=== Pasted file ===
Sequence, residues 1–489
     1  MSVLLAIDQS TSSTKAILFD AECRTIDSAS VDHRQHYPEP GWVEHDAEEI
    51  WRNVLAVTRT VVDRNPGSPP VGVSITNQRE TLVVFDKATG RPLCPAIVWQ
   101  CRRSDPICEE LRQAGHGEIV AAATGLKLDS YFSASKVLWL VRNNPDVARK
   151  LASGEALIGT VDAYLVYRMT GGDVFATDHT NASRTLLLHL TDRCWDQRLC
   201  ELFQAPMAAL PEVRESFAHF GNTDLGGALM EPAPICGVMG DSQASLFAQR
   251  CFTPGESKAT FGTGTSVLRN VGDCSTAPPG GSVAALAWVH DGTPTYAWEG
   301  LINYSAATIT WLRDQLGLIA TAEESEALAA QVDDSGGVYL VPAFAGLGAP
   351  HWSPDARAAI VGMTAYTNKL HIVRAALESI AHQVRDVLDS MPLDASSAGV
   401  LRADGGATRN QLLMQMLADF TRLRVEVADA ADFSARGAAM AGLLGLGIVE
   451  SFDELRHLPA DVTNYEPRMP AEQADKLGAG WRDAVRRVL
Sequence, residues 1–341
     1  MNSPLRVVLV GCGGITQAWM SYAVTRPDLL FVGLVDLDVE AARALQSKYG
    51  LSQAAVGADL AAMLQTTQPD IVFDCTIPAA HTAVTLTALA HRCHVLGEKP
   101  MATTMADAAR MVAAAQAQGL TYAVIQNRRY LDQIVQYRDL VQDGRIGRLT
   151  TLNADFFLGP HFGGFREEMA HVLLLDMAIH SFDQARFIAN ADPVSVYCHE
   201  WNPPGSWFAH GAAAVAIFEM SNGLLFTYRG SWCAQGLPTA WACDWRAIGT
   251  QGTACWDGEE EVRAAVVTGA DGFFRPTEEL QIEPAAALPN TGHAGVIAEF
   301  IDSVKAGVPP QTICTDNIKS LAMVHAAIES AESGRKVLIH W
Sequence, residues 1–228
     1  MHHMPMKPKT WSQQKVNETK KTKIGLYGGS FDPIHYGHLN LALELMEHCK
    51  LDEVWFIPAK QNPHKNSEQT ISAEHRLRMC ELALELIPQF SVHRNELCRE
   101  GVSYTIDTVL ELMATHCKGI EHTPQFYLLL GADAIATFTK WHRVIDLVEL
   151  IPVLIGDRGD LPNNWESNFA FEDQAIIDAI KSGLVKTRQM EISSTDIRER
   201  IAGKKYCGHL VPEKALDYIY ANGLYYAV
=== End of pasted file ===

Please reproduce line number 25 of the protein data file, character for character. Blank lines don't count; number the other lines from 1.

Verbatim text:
   201  IAGKKYCGHL VPEKALDYIY ANGLYYAV